I recently was able to re-experience a level of humiliation that I haven’t felt since I was a teenager. I hated that feeling then, and I still hate it. But maybe public humiliation is underrated. I was a “fill in” traffic reporter last month. If you’re a
radio listener, you know the guy I replaced – he gives traffic updates to five radio stations and one television station.

Picture a wall covered with 50+ camera monitors. Each monitor shows a different road, and the monitors are constantly flipping between cameras. At 5:10 pm, I reviewed my mental checklist for a 5:12 pm report

1.  Lipstick on – check.

2.  Powder so I don’t shine – check.

3.  What were the anchors’ names?

4.  What’s my outcue?

5.  How’s my hair?

6.  Why can’t I hear them?

7.  Is my microphone on?

8.  What will I say? Uhhh ohhh.

At 5:11pm and 33 seconds a voice comes through the radio, “…And now let’s have a look at what’s happening on the streets with Melisa Uchida.”

I was stunned. I thought I still had 27 precious seconds to get my thoughts together and he wants a report now!

I must have mumbled something because when I looked up, all I saw on the monitor in front of me was – me. Panic shot through me and I froze like a deer in headlights. Somehow I caught my breath and managed to stumble though a traffic report of Downtown, Aiea and Pearl City. I forgot to say my name. I forgot to say goodbye. I forgot a lot of things.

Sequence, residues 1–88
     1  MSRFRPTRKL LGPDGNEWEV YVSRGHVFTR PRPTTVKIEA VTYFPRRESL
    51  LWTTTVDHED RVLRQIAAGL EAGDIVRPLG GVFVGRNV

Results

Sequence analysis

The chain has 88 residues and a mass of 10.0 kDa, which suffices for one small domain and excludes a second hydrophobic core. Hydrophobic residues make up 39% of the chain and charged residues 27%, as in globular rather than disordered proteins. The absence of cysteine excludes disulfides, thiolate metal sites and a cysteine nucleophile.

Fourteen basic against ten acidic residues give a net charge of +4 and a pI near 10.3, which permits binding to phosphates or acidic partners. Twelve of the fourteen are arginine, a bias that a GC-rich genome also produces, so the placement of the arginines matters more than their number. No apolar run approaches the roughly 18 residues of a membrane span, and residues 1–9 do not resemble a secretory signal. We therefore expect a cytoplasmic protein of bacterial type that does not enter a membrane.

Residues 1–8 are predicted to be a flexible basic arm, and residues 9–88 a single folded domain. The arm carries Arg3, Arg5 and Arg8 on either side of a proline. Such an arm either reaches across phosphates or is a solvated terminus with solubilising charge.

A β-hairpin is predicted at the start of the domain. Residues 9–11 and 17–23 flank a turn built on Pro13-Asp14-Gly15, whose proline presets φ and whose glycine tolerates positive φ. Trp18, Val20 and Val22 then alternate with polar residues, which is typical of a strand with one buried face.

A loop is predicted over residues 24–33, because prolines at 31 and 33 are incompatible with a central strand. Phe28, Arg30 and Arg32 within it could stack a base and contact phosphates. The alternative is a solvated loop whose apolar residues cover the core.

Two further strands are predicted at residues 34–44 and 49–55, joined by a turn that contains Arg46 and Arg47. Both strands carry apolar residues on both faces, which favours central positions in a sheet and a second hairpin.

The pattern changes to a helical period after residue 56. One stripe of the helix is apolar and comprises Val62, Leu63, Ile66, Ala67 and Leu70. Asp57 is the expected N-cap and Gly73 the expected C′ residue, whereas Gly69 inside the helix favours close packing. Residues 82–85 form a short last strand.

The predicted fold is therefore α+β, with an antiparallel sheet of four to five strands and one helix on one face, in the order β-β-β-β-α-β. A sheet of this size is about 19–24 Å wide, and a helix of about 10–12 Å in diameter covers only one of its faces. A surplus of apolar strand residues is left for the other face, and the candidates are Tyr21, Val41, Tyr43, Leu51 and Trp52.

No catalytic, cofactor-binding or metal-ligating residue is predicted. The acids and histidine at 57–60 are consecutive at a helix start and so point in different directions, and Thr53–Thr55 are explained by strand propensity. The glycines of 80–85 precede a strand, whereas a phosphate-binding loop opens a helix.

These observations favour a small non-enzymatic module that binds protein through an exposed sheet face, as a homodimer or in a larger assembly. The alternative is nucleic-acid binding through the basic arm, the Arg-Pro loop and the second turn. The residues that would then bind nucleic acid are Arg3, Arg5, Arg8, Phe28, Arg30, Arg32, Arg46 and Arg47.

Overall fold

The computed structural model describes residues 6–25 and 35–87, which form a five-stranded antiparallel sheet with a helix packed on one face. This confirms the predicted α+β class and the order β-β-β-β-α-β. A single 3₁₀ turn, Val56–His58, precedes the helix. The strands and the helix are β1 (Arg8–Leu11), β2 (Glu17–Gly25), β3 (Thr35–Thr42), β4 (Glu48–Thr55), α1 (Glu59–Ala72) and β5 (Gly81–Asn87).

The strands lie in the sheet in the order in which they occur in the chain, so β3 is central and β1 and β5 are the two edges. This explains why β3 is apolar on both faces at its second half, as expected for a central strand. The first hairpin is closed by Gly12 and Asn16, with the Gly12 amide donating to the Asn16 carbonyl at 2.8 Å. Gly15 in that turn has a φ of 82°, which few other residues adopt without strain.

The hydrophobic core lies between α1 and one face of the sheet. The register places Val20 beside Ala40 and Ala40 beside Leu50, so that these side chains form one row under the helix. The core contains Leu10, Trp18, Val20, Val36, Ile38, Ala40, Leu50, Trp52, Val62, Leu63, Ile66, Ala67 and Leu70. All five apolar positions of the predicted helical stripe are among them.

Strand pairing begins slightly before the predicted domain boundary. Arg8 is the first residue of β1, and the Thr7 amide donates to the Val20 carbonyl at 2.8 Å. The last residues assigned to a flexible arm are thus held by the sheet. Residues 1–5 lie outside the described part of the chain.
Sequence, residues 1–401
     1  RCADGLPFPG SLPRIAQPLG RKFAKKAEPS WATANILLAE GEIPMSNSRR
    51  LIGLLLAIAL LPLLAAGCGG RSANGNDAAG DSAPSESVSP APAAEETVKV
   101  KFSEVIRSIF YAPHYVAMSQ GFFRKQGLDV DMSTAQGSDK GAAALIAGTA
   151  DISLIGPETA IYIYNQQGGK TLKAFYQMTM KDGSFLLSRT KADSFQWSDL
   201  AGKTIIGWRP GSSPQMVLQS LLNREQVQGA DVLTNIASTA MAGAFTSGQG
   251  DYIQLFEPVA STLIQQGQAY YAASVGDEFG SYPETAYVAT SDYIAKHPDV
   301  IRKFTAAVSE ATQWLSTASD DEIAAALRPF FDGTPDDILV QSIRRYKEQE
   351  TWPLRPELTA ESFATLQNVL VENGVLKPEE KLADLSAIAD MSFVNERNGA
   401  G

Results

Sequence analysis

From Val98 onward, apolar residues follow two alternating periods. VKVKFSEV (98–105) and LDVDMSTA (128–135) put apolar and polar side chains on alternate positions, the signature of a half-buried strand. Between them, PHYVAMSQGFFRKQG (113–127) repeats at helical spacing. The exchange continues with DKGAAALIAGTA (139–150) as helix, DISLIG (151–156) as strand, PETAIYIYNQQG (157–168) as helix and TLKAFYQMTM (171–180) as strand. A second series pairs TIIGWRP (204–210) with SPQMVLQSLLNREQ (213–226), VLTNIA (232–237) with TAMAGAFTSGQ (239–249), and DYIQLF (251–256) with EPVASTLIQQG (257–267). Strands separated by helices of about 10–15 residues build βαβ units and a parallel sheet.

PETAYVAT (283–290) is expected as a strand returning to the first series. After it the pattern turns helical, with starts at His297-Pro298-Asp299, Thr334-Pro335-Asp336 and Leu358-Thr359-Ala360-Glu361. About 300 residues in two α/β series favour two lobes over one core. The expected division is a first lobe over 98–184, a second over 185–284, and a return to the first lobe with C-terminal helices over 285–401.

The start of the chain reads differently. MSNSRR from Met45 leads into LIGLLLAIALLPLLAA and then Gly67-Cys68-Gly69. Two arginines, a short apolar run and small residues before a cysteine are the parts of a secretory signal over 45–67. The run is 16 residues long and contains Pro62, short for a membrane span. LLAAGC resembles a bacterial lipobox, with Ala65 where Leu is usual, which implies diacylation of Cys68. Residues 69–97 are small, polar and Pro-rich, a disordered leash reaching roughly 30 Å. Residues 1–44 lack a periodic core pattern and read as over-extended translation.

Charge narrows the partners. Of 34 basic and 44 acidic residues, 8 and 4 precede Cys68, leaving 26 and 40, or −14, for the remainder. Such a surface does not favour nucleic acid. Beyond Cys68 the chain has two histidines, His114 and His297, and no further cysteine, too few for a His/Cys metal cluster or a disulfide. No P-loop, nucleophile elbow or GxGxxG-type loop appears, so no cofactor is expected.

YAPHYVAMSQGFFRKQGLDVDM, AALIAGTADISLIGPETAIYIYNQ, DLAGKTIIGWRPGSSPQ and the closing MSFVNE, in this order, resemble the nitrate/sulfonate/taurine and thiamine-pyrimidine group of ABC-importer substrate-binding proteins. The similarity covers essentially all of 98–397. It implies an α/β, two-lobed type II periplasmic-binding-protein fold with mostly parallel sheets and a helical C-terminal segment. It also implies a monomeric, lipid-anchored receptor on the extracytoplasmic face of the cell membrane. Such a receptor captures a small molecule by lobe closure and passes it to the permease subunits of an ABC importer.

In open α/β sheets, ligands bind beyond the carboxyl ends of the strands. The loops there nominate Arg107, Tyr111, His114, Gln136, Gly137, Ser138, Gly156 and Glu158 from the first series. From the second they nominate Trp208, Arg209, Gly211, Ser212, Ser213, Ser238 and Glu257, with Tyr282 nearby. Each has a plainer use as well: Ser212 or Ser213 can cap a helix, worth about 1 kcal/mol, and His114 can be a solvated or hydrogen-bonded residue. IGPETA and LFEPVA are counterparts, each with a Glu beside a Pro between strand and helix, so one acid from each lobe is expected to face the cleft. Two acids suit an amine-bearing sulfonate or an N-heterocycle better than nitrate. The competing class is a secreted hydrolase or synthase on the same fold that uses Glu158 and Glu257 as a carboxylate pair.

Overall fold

How could I have panicked like that? I prayed no one saw me. What could I do but go home, stuff my face and replay it over and over in my mind. When my wonderful roommate came home, we had a long laugh about it and instead of crying all night, I looked at all the benefits of public humiliation:

1.  It keeps you humble.

2.  To laugh at yourself is a good thing!

3.  If we started out perfect, what would we strive for?

4.  Getting knocked down is a part of life. The tough ones get back up and do it again.

5.  The first time is always a flop – expect it, embrace it, learn from it.

6.  Everyone bombs! Just ask the person next to you.

7.  It makes a good after work story. Some people come home with nothing to say.

8.  Don’t sweat the small stuff. It’s only TV.

9.  It provides a challenge. Tomorrow, I will do it better.

10. Like J Lo’s mom said, “Don’t call me up crying. Go out there and make it happen.”

And you know what? I saw the tape. It wasn’t that bad. It just gives me plenty of room to improve!

Melisa Uchida can be reached at melisa@oahuislandnews.com